One of the most poignant and powerful comments I’ve received since doing this blog landed today. It is from Mary Ann who was a passenger on the Greek cruise ship Sea Diamond. Her comment.
The anger against the companies involved is growing–the only recourse seems the court. Their offers and communications indicated–according to my commenters anyway–that they are far more concerned about protecting themselves financially in court than protecting their reputation. They probably don’t give a darn and maybe are planning for bankruptcy anyway. But this stuff hurts the whole industry as I indicated before.
The most relevant point for crisis communicators is that this story lives on. Months after the event, here I am blogging about it. People like Mary Ann are using these opportunities to tell their story. Sure, the media is off onto other stories, but their role these days is more to get the conversation started and then move on. It is the conversation that ought to concern companies like Louis Cruise Lines. The online record is created and is built, and there is no involvement in the conversation.
That’s why I was so impressed with Dell the other day. I blogged about their Dell Hell problems and immediately got a comment back from a Dell representative that explained how they are dealing with it. Dell gets it. Louis does not.
Well, I have to say I am impressed. This morning I asked the question of crisisblogger readers what you would say to Dell about how to overcome the media’s fascination with calling every problem that Dell faces Dell Hell. A couple of interesting responses, including one directly from Dell talking about how they are dealing with it.
Some companies get it. The conversation online goes on, and when they are involved they participate. Thank you, Dell. Very impressed.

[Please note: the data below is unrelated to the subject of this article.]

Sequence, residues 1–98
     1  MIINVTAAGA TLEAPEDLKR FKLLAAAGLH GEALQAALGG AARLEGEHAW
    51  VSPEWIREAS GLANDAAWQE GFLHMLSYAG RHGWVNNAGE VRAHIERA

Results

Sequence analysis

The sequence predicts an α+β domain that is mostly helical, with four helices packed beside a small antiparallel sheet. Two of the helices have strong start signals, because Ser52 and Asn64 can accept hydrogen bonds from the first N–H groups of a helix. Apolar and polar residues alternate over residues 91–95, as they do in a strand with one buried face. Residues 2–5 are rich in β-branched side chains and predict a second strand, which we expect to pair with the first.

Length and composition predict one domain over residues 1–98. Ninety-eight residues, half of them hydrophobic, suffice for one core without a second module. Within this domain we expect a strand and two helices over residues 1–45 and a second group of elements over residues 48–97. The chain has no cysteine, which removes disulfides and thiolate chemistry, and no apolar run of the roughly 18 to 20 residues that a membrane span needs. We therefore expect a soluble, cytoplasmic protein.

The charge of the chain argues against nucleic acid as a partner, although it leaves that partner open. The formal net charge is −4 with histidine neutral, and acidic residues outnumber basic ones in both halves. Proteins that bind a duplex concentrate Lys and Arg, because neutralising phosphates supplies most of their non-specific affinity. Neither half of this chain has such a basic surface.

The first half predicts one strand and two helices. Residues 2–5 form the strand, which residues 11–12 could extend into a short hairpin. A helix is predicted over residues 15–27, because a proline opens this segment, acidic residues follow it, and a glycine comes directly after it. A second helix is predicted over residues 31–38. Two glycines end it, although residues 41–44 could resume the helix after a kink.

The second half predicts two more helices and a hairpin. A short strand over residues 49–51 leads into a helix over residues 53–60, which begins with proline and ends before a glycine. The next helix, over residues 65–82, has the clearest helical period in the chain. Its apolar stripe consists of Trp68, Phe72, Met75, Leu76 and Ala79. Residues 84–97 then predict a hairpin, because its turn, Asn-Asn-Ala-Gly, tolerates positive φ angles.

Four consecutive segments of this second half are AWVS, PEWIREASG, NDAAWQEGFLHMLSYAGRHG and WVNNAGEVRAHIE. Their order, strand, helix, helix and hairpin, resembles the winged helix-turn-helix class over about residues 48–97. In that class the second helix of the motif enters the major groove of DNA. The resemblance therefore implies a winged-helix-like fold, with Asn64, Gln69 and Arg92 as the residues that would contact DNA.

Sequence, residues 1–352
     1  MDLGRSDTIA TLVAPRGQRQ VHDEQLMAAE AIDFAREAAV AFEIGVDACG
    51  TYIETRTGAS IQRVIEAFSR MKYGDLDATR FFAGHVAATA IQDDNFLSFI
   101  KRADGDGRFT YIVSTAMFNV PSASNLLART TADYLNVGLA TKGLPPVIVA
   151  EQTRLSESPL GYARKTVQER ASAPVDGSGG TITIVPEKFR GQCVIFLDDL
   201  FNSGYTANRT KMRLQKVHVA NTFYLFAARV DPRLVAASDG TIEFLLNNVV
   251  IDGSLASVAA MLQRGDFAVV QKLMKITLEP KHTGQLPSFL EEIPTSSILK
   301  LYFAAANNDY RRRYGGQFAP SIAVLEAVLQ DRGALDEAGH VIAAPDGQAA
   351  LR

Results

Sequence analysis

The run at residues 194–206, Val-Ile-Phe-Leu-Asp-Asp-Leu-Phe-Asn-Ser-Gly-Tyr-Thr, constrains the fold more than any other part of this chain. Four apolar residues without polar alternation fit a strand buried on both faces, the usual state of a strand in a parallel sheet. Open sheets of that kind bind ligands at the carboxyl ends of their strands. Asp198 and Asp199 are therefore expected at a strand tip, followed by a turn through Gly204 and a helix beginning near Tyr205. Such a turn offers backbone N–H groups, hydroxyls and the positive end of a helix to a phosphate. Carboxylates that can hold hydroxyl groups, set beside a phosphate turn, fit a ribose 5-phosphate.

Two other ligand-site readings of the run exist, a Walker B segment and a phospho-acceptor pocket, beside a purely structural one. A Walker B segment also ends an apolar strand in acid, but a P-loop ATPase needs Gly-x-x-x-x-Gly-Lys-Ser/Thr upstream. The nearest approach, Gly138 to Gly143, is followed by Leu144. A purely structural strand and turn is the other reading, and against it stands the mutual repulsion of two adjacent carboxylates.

I’ve been pondering lately the question of the real role of reputations in corporate and organizational success. It’s always good to evaluate the basic tenets of your beliefs once in a while. I think the questions emerged while boating through Prince William Sound and wondering how a company who had been so damaged or broken by a disaster of that magnitude could now be so successful and admired–if not in the public eye, then at least in the industry and the financial community.
This story about Bausch & Lomb being sold to a private equity firm helps re-establish my confidence in the idea that reputations do matter. The company had a problem of uncertain origins with their contact solution. The product was recalled but confidence in the company was not maintained during that event. Now, they are selling in part, according to this story to be able to deal with the consequences of their loss of consumer confidence without being under the scrutiny of investors.
And, if you opened up the link above you could not help see the headline and story about “Dell Hell” again. Poor Michael. He could not have realized that his perfectly simple and acceptable last name which seemed to work so well for a corporate giant has now been turned into a nightmare name by the fancy of headline writers–and bloggers. Here’s a good question for crisisblogger readers: how does a company like Dell get rid of the “Dell Hell” appellation when it is clearly so popular with headline writers. I mean it rhymes, it doesn’t take a lot of space, it grabs immediate attention, it says Oh boy, they are in trouble again. How do you get rid of that? Start a campaign that says “Dell is Well”? “Dell Haters go to Hell”? How about the Dell Smell? Or Dell Farewell?
The simple answer for companies like Dell or BP who have their reputations tarnished, fairly or unfairly, is to go about your business, do the best job you can, get better at operations than ever before and time heals all wounds. Again, Exxon may prove that point. But something tells me that something a little more striking and dramatic needs to take place in order to overcome the frustrating tendency of reporters (including now citizen journalists) to fall into the old routines and traps and keep the negativity going.
I just read an excellent white paper from Market Sentinel on the influence of blogging on corporate reputations. This company is located in the UK and provides web monitoring and blog tracking services. I found out about it (like so many other interesting items relevant to crisis communications) by getting Jonathan Bernstein’s Crisis Manager email newsletter.
The point that jumped out at me from the Market Sentinel white paper which focused on the Dell Hell blogwar, was how much was fed by one person. A blogger by the name of Jeff Jarvis got upset about his laptop and the service and, being one of the angry bloggers, went to town.
Those of us involved in these kinds of blogwars talk about the 57 million citizen journalists, and the numbers are impressive and scary to those concerned about reputation protection. But it only takes one to light a fire. Interesting and worthwhile read.